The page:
When the holiday season rolls around, many pet owners love to indulge their beloved pet by sharing in the yummy foods that come along with the time of year.
In some cases, this is no problem, as many human foods are fine and even nutritional for dogs.
Quite often holiday fare can be a wonderful chance to incorporate a little-added nutrition into your dog’s diet. At worst, other foods can be a harmless treat.
However, there are several reasons for caution when it comes to treating your dog from your holiday feast. It is highly recommended that you consult with your vet concerning whether or not your holiday treats are suitable for your dog.
Is It OK For Your Dog to Eat Turkey?
Always take into account if your dog is accustomed to table food and if so, how accustomed. If they are used to being treated to table foods on a fairly regular basis and have not experienced any sensitivities or digestive issues, then it’s probable that they will be fine. As the owner, no one knows better than you, what your dog is capable of consuming without issue.
Keep in mind, however, that holiday foods are generally different than the table foods that are commonly eaten throughout the rest of the year. Keep new ingredients in mind when deciding whether or not to give any holiday dishes to your dog.
When introducing your dog to new foods, take it slow. Giving them small portions and then giving them time to thoroughly digest before trying something else can help to determine whether or not they handle the new food well.
In general, basic turkey meat itself is usually considered safe for dogs to consume. However, feeding your dog turkey should never be approached as lightly as chucking a leftover turkey leg or chunk of carcass at your dog.
As discussed previously, if your dog has never had turkey before, be sure to introduce it in small portions. This will help to ensure that your dog’s stomach and digestive system will be able to slowly become used to the new food.
In addition to this, before giving your dog any turkey, be sure to strip all pieces of any excess fat, skin and bones. This not only keeps the snack leaner and healthier but avoids the issue of ingesting bones that can easily splinter.
Although turkey may be a boost to your dog’s diet, other common holiday foods are proven to be quite dangerous. Not only should you avoid foods that you know from past experience cause your dog stomach issues, but there are other ingredients and foods that should not be allowed into your pets diet.
Some foods that need to be avoided for your dog are:
- Too many new foods at once. If you wish to let them try new foods that are very different from their regular diet, do so slowly and give them very small portions. Try small portions of one new food at a time being careful to for any signs of distress. It is best to avoid foods that are spicy and super high in fat.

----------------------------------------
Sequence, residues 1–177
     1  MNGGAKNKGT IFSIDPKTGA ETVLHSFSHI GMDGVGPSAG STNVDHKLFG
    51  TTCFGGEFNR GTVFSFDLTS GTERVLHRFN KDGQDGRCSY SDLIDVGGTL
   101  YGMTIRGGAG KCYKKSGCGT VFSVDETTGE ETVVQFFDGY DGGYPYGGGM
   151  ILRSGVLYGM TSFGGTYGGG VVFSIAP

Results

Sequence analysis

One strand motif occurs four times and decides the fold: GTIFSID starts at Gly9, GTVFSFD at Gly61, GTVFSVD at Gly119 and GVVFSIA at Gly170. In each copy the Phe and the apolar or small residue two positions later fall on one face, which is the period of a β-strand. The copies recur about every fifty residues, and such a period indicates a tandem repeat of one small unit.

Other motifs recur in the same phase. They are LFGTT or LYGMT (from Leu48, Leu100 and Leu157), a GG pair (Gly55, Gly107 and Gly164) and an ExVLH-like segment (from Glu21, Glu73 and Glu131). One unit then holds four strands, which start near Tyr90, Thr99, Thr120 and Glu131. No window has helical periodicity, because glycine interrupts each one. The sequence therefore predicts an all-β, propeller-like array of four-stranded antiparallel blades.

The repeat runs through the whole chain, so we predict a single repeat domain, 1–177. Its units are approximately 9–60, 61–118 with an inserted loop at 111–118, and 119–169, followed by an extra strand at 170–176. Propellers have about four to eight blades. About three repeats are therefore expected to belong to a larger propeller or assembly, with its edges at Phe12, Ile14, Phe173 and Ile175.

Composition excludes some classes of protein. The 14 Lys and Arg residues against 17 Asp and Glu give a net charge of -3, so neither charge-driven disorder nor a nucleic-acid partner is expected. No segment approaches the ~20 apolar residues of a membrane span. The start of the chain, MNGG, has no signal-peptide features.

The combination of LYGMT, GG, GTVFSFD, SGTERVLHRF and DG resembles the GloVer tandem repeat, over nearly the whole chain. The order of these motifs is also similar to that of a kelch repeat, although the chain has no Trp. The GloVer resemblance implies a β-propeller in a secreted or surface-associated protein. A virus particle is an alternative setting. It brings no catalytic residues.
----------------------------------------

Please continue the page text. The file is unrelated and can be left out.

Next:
- Chocolate. This is a pretty commonly known danger for dogs, but many don’t realize that baking chocolates are even more toxic and dangerous than regular candy chocolates. Never give these to your dog and be sure to keep them well out of reach.
- Onions. Most dogs can easily handle onions and other alliums such as leeks, scallions and garlic in small portions if they are well cooked. This is especially true for dogs who have consumed these in the past without issues. However, if your dog is not accustomed to this plant group or if they are given too large of a portion, it can lead to toxic anemia. Also keep in mind that turkey stuffing is quite commonly made with sizeable amounts of onions.
- Xylitol. Though not a common ingredient, xylitol is used to sweeten foods in place of sugar. Diabetics in particular use this as a sweetener. It is highly toxic for dogs and should be keep very far out of their reach.
- Other foods to avoid include alcohol which is especially dangerous for dogs due to their small bodies and grapes and raisins which can cause kidney failure.
Foods that are ok for your dog to try out include:
- Cranberry Sauces. These are generally safe, though high in sugar, so limited portions are best.
- Mashed potatoes. Potatoes are fine, but keep in mind added flavorings and ingredients such as dairy products, onions and gravies.
- Green Beans. It is preferable to not give your dog green beans from a casserole as green bean casseroles are usually made with onions and other possibly harmful ingredients. Plain green beans can be a very nutritious treat.
- Mac ‘n’ Cheese. Plain pasta is probably best but if they must have the cheese also, keep the portions very limited.
If you should decide to let your dog try some new treats during the holiday season, be sure to keep a close eye on them after. Watch for signs of sickness and distress. If at any point, their behavior indicates that they are not feeling well, it is never a bad thing to consider a trip to the vet.
Signs and symptoms of illness can include refusal to eat or drink or the development of unusual eating habits, vomiting, a tired and sluggish demeanor, abnormal stool, fever and changes to their skin or coat. Should any of these signs appear, visit your vet.